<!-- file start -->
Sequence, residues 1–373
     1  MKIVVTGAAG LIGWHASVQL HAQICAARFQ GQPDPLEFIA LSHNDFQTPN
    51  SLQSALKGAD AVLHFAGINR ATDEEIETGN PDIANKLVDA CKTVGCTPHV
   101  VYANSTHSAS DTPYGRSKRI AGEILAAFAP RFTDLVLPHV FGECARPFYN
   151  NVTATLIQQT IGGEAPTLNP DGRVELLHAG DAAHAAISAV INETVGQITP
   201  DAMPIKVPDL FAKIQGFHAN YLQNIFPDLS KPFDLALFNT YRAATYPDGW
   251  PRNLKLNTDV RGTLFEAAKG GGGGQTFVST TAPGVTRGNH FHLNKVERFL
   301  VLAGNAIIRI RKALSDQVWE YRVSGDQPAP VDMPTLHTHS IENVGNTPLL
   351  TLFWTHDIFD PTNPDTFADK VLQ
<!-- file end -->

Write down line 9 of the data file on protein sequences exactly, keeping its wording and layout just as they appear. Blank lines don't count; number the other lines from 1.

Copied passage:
   351  TLFWTHDIFD PTNPDTFADK VLQ